Forum of Private Business

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The Forum of Private Business or FPB is a UK-based membership organisation which campaigns for the interests of small and medium-sized businesses. A member-funded organisation, it offers practical business advice and help, as well as offering a range of products and services to help its members save money. The FPB was established in 1977, is a non-party political organisation and represents over 25,000 UK businesses.

Background[edit]

The FPB was founded by Stan Mendham in 1977.[1] Previously, Mendham had run an engineering business but was becoming increasingly concerned by the lack of understanding of smaller businesses in the economy and mounting red tape. He studied member-based organisations for smaller businesses in America and Canada, and decided to create a British equivalent.

Mendham wanted the FPB to always represent accurately the views of its members. To do this, he started an approach to campaigns based on information collected through regular surveys.[2] The FPB calls them referendums, and they are completed every three months.

The company is based in Knutsford, Cheshire, but works with businesses across the UK.

Services and products[edit]

Lobbying work[edit]

The organization actively creates proposals, informative summaries, an other information that it distributes to various parts of the UK government to influence government processes in ways that benefit its members.

Website[edit]

The FPB website offers a variety of services, some free, and some requiring paid membership. Daily updated business news is available on the main site. "Hot tips" articles are brief informative articles designed to help businesses, and include neither press releases nor advertisements. A variety of tools and calculators that are useful for daily business operations are also available.

Other services[edit]

The FPB offer a range of up to date business guides to help businesses including a credit control guide, an Employment guide, and a health and safety guide. They also offer both free and paid business templates that cover a variety of business forms, procedures, and documentation that may be of use to private businesses.

Charity work[edit]

The FPB supports the Children's Cancer and Leukaemia Group (CCLG) [3] as its chosen charity. FPB employees are committed to generating funds to support the Group's work and also increasing the nation's awareness of the charity and its activities, which include improving the management of children with cancer and advancing the knowledge and study of childhood malignancy.

FPB employees have previously raised several thousands of pounds for the charity by taking part in the Wilmslow Half-Marathon, hiking to the summit of Snowdon in North Wales and taking part in the three peaks challenge.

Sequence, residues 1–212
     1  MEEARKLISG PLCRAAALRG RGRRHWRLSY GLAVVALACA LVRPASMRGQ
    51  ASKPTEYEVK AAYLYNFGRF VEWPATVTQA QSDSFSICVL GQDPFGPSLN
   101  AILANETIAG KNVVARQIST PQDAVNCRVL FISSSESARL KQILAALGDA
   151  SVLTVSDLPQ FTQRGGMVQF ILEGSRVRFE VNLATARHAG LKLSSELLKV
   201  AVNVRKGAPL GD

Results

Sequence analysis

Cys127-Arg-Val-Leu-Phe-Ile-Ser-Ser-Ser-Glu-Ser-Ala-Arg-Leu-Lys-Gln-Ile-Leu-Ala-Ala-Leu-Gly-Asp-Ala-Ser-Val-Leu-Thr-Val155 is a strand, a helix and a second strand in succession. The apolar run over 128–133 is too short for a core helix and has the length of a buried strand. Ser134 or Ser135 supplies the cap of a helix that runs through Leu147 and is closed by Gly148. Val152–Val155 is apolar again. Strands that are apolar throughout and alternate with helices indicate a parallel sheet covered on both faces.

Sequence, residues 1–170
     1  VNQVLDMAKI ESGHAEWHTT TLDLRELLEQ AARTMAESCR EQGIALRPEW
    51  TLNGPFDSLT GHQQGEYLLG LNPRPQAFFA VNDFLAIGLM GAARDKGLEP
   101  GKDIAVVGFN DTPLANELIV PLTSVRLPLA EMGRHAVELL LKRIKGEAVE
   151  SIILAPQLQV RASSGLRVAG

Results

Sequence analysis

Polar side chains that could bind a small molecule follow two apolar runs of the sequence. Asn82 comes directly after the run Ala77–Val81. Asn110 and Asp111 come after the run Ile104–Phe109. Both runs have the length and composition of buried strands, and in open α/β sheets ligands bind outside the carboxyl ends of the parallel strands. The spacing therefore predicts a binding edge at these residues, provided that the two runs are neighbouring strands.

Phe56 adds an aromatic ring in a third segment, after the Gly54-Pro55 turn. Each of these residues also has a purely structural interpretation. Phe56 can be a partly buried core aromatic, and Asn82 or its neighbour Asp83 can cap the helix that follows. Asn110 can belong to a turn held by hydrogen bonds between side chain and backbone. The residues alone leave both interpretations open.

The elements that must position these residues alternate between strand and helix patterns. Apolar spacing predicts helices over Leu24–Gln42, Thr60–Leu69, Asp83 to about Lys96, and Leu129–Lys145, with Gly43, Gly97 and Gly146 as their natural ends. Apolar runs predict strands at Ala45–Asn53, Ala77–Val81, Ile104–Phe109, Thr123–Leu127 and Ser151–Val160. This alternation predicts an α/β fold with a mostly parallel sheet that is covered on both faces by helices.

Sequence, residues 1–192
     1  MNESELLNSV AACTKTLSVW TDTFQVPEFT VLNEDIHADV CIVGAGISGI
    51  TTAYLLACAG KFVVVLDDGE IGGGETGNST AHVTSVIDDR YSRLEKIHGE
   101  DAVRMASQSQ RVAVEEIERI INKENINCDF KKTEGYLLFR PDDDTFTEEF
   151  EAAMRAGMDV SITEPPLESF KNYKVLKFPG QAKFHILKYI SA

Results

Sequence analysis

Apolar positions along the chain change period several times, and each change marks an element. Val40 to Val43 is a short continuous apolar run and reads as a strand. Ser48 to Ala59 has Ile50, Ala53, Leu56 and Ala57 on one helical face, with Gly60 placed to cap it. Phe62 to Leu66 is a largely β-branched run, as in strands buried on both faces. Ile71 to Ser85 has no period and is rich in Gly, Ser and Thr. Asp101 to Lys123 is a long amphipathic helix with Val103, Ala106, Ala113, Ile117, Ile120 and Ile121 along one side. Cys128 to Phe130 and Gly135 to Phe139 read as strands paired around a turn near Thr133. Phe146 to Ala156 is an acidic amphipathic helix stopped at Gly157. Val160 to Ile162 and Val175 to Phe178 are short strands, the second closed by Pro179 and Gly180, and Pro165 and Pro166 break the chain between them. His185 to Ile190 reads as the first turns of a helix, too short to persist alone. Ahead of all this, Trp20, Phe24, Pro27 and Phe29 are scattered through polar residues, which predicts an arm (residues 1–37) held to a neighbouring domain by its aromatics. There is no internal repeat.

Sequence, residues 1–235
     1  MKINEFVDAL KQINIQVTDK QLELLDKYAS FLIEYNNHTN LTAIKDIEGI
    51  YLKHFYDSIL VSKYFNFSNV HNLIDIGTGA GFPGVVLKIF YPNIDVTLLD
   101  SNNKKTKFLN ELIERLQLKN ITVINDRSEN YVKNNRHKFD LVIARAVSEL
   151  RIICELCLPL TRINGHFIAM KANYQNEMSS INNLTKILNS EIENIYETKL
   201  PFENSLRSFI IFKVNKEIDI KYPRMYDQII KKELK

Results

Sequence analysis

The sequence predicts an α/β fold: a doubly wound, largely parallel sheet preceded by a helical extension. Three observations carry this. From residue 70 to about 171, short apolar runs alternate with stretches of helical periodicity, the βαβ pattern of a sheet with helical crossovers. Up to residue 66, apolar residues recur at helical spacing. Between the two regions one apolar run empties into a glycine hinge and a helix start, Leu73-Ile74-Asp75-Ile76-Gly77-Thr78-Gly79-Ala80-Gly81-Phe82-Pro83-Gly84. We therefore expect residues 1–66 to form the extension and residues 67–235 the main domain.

Most recently, eight female staff members raised over £1,500 by taking part in a sponsored walk with a difference along the Wirral Way, Merseyside, in a three-legged relay.

Timeline of notable events[edit]

  • 1977: The Forum of Private Business is founded. The basic philosophy of "the safeguard of individual choice, the encouragement of free competitive enterprise and a sense of social obligation" is set into action. The FPB gives members the vote through the first Referendum ballot.
  • 1982: Due in large part to the FPB's referendum responses, the Government adopts FPB's proposals surrounding sick pay.
  • 1985: The Government's White Paper 'Burdens in Business' covers no eight important topics raised by the FPB.
  • 1987: The FPB's lobbying results in the Department of Employment launching a simplified statement of main terms and conditions of employment (‘contract of employment'), saving private businesses time and money.
  • 1988: Concerted pressure from the FPB wins an agreement to a maximum annual increase in rates for all businesses, with smaller firms paying 5% less than big businesses, and an extension to a five-year phasing-in process, as necessary.
  • 1991: Evidence from the FPB sparks a government enquiry into banks' relationships with smaller businesses.
  • 1993: A survey of the FPB's members into crime reveals that nearly half of the 2,670 respondents had been affected by crime in the last 12 months. The FPB meets police chiefs and secures widespread coverage to highlight this important issue.
  • 1994: Breakthrough on Statutory Sick Pay (SSP). Proposed changes to the SSP system could have resulted in suffering by smaller firms. The FPB steps into action and single-handedly persuades the Government to give more financial protection to those firms that suffer from abnormal sickness.
  • 1996: As a result of FPB-led research, the Government agrees to review the Uniform Business Rate (UBR) to reduce its impact on smaller firms.
  • 1998: After 15 years of the FPB campaigning for an effective redress against late payers, the Government introduces a statutory right to interest (SRI), with the Late Payment of Commercial Debts (Interest) Act.
  • 2000: An investigation by the Government (led by Don Cruickshank) castigates banks for overcharging. Having considered the FPB's research and having visited members of the FPB, Mr Cruickshank heeds their views and tells the Chancellor that the banks overcharged smaller businesses by £0.5billion.
  • 2004: Due in part to lobbying efforts of the FPB, the government does not accept attempts by the European Commission to introduce wholesale amendments to the Working Time Directive.
  • 2006: The FPB holds its first national Small Firms Summit. The one-day conference, sponsored by Barclays Bank, and with MP David Cameron as keynote speaker, brings together owner-managers and directors of smaller companies.
  • 2007: The FPB successfully stops the Government's plan to scrap small firms' Statutory Sick Pay relief.

References[edit]

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